PRC interferes wtih the funeral of a bishop

His Hermeneuticalness picked up a story about Chinese state interference in the funeral of a bishop.

In a UCANews report:

The sources also said local government officials forbade the use of the term zhujiao (bishop) on banners and wreaths, but a compromise was reached with the use of "Lin mu" (shepherd Lin). However, officials allowed the verbal use of "Lin zhujiao" during funeral Masses and other memorial services.

Authorities did not allow Bishop Lin’s body to be clothed in bishop’s garb, but his family members placed the zucchetto or bishop’s skullcap on his head just before the cremation, sources said.


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  1. Why was he cremated?

  2. Jayna says:

    Much as there may be idiots in this country (US) who discriminate against Catholics and the Church, I just cannot even imagine the government forbidding a bishop from being vested as a bishop for his funeral. I know that Communism, ideally, is supposed to create an egalitarian society in which citizens are provided for by each other and the state, but denying them the right to practice their religion (whatever religion it may be) is definitely not going to aid them in that goal. Opiate for the masses, my foot.

  3. tired student says:

    Perhaps because cremation is more culturally accepted in China. It’s a licit option of the Church, and in some cultures (like India and Japan) cremation is the strong cultural norm. Bp. Lin was probably not cremated with the intent to deny the resurrection of the body (wasn’t there, can’t be sure, just a hunch.)

  4. moon1234 says:

    Cremation is not a valid option just because one wants it in the church. If you read only the current law without looking at previous law, then you are not seeing the entire law and teaching. Thradition has always held that cremation is reserved only for those times when famine, mass death or other emergency requires cremation for the protection of the living.

    The current law says cremation is allowed. No where though does the current law state that previous teaching and tradition were incorrect. Therefore the statement that cremation is allowed is an incomplete answer. It IS technically allowed, but only when it does not conflict with previous tradition and teaching.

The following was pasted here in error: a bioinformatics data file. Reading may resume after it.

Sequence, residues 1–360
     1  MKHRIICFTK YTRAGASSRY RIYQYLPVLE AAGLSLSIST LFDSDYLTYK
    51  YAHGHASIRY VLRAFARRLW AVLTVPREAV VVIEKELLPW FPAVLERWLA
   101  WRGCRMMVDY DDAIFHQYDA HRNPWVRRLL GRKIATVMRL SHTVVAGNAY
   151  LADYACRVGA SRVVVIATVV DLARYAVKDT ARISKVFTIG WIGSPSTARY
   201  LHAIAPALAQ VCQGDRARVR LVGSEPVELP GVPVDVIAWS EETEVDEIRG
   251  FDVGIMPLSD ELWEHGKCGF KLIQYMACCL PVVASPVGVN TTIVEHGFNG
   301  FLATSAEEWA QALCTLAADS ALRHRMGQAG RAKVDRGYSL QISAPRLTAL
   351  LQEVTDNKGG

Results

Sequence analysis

5. Burial was traditional for all Chinese even in pagan days; they believed that the soul/s would wander for all eternity if the body was not buried correctly.

    So it’s likely that the atheist Chinese government has some law commanding cremation, just to be nasty to everybody; or there really isn’t enough room in the cemeteries, and they took this step instead of one more culturally sensitive.

    But hey, who knows. Catholics may actually prefer cremation in China, to emphasize that they aren’t living in fear of the hun (sp?) soul wandering around for all eternity as a hungry ghost.

    My point is that whatever is going on, it’s stupid to make proclamations about it out of ignorance. It’s also stupid to say that options the Church allows are being used out of sheer perversity on the part of Chinese Catholics, working yourselves up to scandalize yourself and others. The poor man’s funeral was bad enough, thanks to the Chinese government’s petty control issues. Let’s not help them out by declaring that whatever the Chinese faithful managed to do for him was useless and evil.

    I’m sure next time somebody saves the combox from drowning, we’ll be sure to criticize his swimming stroke, and complain about the immodesty of his wet shirt. :)

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